Dealing with COVID-19 in Amman, Jordan
By now, just about everyone has their own COVID-19 story. What few of us have experienced, however, is a state-ordered lockdown, certain arrest, threatened jail for non-compliance, and inaccessibility to essential services.
Our son, Vaughan Swart, and his wife, Alli Ruttger, are living and working as teachers in Amman, Jordan. The country’s immediate neighbours are Syria, Saudi Arabia, Iraq, and Israel. Iran is within two hours by plane. At 7 AM Sunday morning, air raid sirens across the country declared the beginning of a three day, militarily-enforced, lockdown of everything.
The airport is closed, as are drug stores, grocery stores, markets, and every school. The only means of getting to hospital is via emergency vehicle. Jordanians are not allowed on the streets for any reason. Walking their two dogs, or merely taking them outside their apartment, could land Vaughan and Alli in prison.
During a Skype conversation this morning, Vaughan shared that within hours of lockdown being declared, a co-worker was stopped while driving, removed from his car, and thrown into a police van for transport to jail. He did not know if it had been wilful disregard for the law or lack of understanding, but the result was the same.
Official communications are in Arabic, which many foreign workers, and much of the country, cannot speak or understand. Jordan has a population of approximately 9,500,000, of which some 4,200,000 are Palestinian and Syrian refugees, and 350,000 are migrant workers. Vaughan and Alli get their local news, and notifications of policy and appropriate actions that they must take, from the Canadian Consulate via email only once every 48 hours. Their most current news source is the internet, or what they learn from Arabic-speaking friends.
At the time of our call, Jordan was reporting only one case of COVID-19, and no deaths. Vaughan speculated that Jordan had no choice but to act quickly.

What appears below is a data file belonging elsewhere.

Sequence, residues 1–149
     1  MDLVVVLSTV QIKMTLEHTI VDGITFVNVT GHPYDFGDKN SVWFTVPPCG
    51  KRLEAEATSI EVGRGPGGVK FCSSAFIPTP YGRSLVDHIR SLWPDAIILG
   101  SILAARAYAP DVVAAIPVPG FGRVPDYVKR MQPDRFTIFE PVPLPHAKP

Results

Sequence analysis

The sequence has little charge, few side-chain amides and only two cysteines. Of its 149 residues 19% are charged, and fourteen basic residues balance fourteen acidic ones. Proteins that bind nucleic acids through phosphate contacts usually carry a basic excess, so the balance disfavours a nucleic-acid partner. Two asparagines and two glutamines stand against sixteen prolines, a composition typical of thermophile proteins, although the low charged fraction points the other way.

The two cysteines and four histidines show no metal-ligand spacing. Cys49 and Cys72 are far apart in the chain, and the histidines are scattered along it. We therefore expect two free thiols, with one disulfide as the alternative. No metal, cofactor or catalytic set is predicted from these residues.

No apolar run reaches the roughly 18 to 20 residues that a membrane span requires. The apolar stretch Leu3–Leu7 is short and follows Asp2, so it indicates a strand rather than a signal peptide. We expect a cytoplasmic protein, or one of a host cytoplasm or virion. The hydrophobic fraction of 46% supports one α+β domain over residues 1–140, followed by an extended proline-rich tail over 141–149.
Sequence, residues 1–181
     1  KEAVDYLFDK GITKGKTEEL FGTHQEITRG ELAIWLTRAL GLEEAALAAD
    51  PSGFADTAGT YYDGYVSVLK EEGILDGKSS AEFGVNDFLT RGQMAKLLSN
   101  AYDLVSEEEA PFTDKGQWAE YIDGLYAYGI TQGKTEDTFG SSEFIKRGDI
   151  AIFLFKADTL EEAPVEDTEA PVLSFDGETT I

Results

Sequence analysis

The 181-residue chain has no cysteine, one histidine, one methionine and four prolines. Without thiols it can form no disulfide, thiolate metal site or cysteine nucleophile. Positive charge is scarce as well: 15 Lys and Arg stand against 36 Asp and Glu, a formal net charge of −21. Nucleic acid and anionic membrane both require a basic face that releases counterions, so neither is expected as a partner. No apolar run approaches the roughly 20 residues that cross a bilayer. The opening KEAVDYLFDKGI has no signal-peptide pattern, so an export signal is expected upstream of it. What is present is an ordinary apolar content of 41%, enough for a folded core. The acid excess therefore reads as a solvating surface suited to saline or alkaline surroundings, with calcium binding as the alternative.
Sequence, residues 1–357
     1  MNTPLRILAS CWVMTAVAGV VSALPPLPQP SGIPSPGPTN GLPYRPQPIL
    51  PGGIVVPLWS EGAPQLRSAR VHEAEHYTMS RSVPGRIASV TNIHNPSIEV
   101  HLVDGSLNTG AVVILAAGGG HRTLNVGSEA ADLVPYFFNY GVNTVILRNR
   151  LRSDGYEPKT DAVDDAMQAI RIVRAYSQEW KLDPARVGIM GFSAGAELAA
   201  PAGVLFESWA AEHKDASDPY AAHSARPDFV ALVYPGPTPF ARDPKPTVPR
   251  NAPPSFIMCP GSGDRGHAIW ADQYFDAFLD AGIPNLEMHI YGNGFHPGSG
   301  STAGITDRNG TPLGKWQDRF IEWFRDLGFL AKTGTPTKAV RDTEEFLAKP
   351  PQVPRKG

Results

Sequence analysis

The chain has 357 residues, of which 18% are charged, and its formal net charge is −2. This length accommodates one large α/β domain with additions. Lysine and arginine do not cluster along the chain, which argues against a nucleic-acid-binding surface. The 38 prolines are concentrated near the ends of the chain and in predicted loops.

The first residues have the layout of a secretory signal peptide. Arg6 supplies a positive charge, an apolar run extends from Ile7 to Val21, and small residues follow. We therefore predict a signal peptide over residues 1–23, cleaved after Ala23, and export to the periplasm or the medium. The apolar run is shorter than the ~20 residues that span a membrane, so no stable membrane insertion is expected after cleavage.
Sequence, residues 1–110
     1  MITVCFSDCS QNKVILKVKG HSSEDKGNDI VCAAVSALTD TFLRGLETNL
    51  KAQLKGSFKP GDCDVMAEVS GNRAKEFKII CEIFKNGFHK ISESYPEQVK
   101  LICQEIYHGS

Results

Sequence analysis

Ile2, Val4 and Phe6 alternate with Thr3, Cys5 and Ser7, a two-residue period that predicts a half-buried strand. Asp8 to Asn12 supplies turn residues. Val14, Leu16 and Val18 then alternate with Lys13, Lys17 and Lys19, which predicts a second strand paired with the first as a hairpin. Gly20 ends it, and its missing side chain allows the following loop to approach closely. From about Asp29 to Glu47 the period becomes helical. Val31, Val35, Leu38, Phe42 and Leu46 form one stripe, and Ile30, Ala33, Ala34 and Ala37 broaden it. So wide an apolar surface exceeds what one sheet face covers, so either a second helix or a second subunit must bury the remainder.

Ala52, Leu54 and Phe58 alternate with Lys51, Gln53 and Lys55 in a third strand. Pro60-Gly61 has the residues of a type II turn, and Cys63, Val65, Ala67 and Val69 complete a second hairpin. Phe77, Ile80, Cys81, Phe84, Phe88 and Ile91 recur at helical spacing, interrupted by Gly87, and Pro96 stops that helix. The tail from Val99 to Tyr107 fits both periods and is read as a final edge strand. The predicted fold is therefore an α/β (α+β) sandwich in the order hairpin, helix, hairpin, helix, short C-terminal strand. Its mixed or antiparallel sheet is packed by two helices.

“The number is probably false. The lockdown’s precautionary. Jordan does not have the medical infrastructure to cope with this. And they probably have little in the way of supplies.”
Jordan is a constitutional, hereditary monarchy with a parliamentary form of government, and Islam is the official religion. The king wields ultimate authority over the executive, legislative, and judicial branches of government, and appoints the Prime Minister and cabinet.
Decisions can be made quickly, and although Jordan is a modern, liberal state by Mideast standards, dissension is not tolerated in time of national emergency.
“A lot of people here are in favour of what’s happening,” Alli said. “Jordan has been able to be a peaceful, safe and somewhat prosperous place to live because of government involvement. Government keeps the state and people together, and there is a certain level of trust and acceptance for these steps and measures because they understand what needs to happen.”
Alli said that society is diverse with a lot of different socio-economic and cultural backgrounds.
“Half the people here are refugees, so people are not always going to be on the same page. Many are uninformed of what’s going on or what they should do.”
Alli says the government has to make things happen immediately if the population is to stay safe. There’s no requesting, only ordering.
“The government has to threaten punishment, which is the way it is.” She said 400 were arrested in the first day.
Our 24/7 North American media coverage can lead us to forget that there are countries beyond Canada, the United States, and Italy dealing with COVID-19. Understanding the situation in other nations reminds us how fortunate we are to have choice —yet also how important it is that we exercise our freedom while bearing in mind the welfare of us all.